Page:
The role of the CIO is evolving with more of a focus on revenue and strategy.
This is according to the 2019 Global CIO Survey from Logicalis, which questioned 888 CIOs from around the world.
It found that 61% of CIOs have spent more time on strategic planning in the last 12 months while 43% are now being measured on their contribution to revenue growth.
The survey reveals that, although CIOs are becoming more strategic and accountable, they are under pressure with reduced budgets and higher security risks.
Almost half of respondents (48%) say that their time spent on security defences has increased in the last year, with CIO’s spending 25% of their time on information and security compliance.
The maintenance of technology remains a key aspect of the CIO’s role, with CIOs on average spending one-third (33%) of their time focused on day-to-day management of technology.
The increased strain is having a negative impact on CIOs’ enjoyment of their job. Almost half of CIOs (49%) believe their job satisfaction has decreased in the last 12 months, while 29% say their work/life balance has worsened.
The expanded focus on strategy and revenue has had an impact on the amount of time CIOs are able to spend on innovation, with 30% saying it has decreased in the last 12 months.
Frikkie Grobler, CEO of Logicalis South Africa, says: “It is clear from these survey results that the role of the CIO has changed and is continuing to evolve. Digital transformation has impacted almost every industry, which has led to the role of the CIO increasing in importance.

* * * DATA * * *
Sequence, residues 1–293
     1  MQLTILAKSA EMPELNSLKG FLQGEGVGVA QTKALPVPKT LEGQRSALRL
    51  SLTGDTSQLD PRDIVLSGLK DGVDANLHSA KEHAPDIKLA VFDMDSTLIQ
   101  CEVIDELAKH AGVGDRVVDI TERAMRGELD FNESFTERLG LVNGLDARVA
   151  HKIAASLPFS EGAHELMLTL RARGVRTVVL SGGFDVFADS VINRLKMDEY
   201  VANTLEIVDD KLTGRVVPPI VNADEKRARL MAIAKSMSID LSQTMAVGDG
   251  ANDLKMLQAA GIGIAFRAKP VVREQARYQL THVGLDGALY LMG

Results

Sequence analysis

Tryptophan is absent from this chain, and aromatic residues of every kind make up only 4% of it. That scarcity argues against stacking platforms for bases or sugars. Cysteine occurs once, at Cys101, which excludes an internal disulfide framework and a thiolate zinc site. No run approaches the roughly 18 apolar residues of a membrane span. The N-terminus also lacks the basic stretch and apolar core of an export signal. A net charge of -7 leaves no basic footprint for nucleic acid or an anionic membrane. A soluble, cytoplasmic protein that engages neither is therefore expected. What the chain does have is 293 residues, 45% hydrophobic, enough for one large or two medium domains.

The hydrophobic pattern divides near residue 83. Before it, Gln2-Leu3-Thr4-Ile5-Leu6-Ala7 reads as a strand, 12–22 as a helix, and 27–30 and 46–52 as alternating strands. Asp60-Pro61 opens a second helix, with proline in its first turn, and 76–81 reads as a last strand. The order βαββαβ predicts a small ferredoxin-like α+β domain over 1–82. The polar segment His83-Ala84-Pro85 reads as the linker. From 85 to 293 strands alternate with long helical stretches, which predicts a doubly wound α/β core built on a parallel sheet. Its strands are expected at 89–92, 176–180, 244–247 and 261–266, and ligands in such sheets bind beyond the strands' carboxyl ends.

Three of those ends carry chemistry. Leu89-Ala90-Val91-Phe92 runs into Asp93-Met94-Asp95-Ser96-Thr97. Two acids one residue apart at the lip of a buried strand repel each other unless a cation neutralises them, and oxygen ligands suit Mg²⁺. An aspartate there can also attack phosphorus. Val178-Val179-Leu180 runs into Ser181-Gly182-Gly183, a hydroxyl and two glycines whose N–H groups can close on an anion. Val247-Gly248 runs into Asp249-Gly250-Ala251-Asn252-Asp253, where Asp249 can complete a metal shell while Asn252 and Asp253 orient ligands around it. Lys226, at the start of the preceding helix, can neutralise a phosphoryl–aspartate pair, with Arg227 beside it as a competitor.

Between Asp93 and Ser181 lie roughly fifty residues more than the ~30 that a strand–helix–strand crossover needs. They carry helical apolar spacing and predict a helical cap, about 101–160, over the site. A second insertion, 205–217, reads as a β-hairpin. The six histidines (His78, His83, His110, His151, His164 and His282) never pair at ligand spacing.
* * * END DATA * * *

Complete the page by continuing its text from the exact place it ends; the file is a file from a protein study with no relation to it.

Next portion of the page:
“CIOs are now expected to be responsible for business performance at a strategic level which has added to the time that they are expected to spend on maintaining IT infrastructure,” he adds.
“This increase in strategic responsibility – should be embraced by businesses and CIOs alike – because technology does hold the key to unlocking competitive advantage and operational efficiency.
However, these survey results are stark in their findings and show the increased amount of pressure being exerted on CIOs,” Grobler says.
“Organisations must ensure their CIO is fully supported and has the necessary resources to carry out their job effectively.
“Businesses are pushing their CIOs to understand more about the line of business and input on strategy, while CIOs are still under pressure carrying out day-to-day activities. Clearly, this needs to be addressed.”